We all know our pocketbooks are being hit at all sides right now. Where does that leave eating healthy? Am I the only one that feels like good, filling, nutritious food is becoming a luxury item? It’s bad enough there is junk food galore in the grocery store, but it is easy to get derailed when you find some whole-wheat pastas for $2.50 a box for three servings, and down the aisle Ramen noodles (which can average 830-1000 milligrams of sodium, well over a third of the recommended daily intake) for 5 servings for a dollar! I think some “experts” fail to understand that when people are left with a choice of getting a few veggies or getting fast food, it isn’t always because people just like to eat grease. The choice can often be an economic one: which item will keep my family fuller, longer?
Or, my favorite paradox, why on earth is bottled soda cheaper than bottled water! The first ingredient in soda is water, often filtered! Conspiracy I tell, you! But I digress.
So I decided to tackle some home economic and nutritional issues in one fell swoop. Dr. Oz claims that you can have filling, nutritious meals for around a dollar per serving in his “Dollar Diet” and I wanted to take it on because: a) I’m feeling a little broke right now and b) see “a”. 😀
My challenge: Could I make a week’s worth of meals (at least lunch and dinner, I don’t really eat breakfast, but am working on that as I should) with about $25 and some standard stuff I keep at home? (I have an upcoming post on how to stock your kitchen so you are always prepared).Meals that won’t have me gnawing on a pencil 20 minutes later, and are simple to create and share with my beloved BIGGYsmallers. Not all of the items he recommended fit my budget or taste range, or were available at my store, but I did learn a few things.
Here’s how I did with the shopping (I went to my normal grocery store to keep it fair):
Salad (on sale): $2.50
Pita bread 1.99
Crumbled Feta 2.00
Ground Turkey, with Italian Seasonings (on sale) 3.50
Steam-in-a-bag mixed veggies and Rice (sale) 1.00
Parmesan (small block) 2.99
Vanilla Greek Yogurt 3.49
Chicken Tenders (sale) 3.80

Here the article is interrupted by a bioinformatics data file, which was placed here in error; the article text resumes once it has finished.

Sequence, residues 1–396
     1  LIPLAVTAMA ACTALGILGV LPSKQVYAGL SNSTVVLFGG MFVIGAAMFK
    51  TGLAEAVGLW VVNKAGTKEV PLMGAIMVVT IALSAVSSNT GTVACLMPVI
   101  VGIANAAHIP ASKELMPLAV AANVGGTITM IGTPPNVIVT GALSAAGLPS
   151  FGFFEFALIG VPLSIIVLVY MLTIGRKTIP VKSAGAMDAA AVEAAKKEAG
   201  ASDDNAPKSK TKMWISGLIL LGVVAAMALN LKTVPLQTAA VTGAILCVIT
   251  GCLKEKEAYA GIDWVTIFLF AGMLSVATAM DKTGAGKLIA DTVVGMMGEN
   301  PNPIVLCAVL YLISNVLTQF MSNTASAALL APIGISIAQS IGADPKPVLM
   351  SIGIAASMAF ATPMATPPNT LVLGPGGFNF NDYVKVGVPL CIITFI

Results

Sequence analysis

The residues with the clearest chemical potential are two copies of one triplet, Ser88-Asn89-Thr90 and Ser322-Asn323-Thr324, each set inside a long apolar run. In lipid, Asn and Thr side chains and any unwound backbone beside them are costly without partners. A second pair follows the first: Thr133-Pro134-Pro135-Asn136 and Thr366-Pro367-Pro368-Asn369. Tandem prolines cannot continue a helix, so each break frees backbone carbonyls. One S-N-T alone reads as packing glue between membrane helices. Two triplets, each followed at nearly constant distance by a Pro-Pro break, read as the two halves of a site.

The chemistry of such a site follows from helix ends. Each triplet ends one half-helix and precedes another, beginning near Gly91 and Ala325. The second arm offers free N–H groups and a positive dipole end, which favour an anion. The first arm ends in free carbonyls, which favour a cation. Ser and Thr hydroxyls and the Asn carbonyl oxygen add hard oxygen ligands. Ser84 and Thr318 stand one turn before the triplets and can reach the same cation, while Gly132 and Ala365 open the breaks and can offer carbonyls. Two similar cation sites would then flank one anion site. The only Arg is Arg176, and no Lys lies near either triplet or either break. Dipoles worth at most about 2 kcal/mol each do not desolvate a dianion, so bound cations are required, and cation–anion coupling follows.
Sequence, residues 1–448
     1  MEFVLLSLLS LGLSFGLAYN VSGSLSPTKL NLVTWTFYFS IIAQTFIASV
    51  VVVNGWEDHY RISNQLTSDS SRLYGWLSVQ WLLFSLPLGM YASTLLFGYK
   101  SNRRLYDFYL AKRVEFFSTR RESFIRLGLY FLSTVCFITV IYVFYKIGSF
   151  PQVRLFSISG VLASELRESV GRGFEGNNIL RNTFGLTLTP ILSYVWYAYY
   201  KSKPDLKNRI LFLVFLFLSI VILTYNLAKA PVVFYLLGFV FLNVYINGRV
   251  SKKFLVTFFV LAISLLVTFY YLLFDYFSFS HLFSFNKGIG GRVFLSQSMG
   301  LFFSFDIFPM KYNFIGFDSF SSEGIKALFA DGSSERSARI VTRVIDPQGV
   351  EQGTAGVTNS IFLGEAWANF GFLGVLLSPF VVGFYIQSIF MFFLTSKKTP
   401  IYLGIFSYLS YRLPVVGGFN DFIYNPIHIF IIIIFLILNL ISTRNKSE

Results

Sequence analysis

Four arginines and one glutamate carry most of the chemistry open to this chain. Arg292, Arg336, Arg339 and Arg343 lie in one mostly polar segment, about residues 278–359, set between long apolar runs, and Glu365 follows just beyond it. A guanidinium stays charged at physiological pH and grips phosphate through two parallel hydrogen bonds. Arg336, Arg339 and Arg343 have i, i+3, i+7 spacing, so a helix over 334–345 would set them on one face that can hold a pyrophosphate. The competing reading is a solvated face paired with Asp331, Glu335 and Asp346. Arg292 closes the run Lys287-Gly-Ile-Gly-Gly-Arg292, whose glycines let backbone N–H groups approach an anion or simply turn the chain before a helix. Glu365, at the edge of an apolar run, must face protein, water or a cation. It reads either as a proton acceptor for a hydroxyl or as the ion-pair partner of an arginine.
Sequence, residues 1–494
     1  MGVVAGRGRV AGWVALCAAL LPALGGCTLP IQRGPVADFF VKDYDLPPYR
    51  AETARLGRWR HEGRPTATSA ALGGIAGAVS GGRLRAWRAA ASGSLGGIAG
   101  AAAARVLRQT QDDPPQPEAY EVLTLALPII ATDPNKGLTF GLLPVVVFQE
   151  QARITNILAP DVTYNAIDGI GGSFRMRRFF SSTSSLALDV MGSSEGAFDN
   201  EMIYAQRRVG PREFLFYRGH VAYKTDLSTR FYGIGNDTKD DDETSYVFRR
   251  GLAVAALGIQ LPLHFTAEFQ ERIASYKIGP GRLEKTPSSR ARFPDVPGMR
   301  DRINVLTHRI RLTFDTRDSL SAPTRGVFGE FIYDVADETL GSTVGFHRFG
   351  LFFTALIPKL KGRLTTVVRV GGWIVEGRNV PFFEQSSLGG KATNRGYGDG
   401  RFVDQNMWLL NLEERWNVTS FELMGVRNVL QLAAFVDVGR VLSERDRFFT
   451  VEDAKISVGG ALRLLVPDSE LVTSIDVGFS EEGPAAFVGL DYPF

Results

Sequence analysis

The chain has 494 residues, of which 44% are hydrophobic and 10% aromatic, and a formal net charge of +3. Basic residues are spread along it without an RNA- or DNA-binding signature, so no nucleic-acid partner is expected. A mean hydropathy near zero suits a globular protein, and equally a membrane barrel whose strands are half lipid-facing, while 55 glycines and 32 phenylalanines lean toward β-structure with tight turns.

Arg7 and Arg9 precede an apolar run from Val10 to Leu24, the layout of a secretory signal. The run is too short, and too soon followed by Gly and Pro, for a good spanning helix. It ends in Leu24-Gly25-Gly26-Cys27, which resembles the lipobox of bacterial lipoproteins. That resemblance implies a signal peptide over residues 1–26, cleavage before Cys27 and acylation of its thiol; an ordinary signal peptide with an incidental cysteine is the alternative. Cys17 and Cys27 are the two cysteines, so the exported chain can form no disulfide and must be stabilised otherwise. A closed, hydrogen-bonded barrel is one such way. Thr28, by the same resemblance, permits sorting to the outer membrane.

Bosc pears(2, at 1.99 per lb.) 1.57
Pretty close, now I have a question and a confession.
Question: Why is beef so expensive right now?! Are cows becoming extinct or something? Just looking at the ground beef was gonna put me over budget.
Confession: Before I made the above discovery about the beef, I was NOT going to get the ground turkey. Aside from the recent recall (make sure to check labels, talk to your butcher/grocer to make sure they checked the meet out) I had a really bad experience cooking with ground turkey once (anyone say salty hamburger helper, in front of someone I was really trying to impress? But I digress) and that was it. Not touching it. However, since ground beef, even the fattier stuff, was coming in at over $4
hundred dollars per pound, I had to try something new! I was actually quite pleased with the turkey. As promised, here is the first recipe, we’ll see how I do throughout the week! (I’m sure the recipe is inspired by something I saw in a magazine, if I can find it I’ll post it.)
Mediterrean-Style Ground Turkey pockets (makes 2)
About 1/2 lbs of Ground Turkey (Italian seasoned, or see modification)
1/2 cup of frozen kale or spinach
1 tsp dried minced onion (or fresh if you have it)
1/2 tsp ground cloves
Pinch or two of salt and pepper or to taste
2 small pita pockets
1/4 cup feta cheese
1 roma tomato, sliced (optional)
*Modification: If Italian-sausage inspired ground turkey isn’t available, season ground turkey with an Italian seasoning blend (oregano, sage, salt, garlic, etc) and red pepper flake.
Turn a medium sized pan to medium heat. Add 1 tsp of olive oil, and brown turkey (about 5-6 minutes). Once turkey is almost browned (no pink!), add frozen kale or spinach. Stir frequently and add more oil if needed. As kale or spinach thaws, add dried minced onion, and 1 tablespoon water. Cover to let onions reconstitute, or about two minutes. Add salt and pepper. Stir, uncovered, and add feta once kale/spinach is heated through, and any remaining water has evaporated. Turn off heat and cover for about 2 minutes if you want feta to soften.
Fill pita pockets with mixture. Add sliced tomatoes for color if you wish. Serve with salad.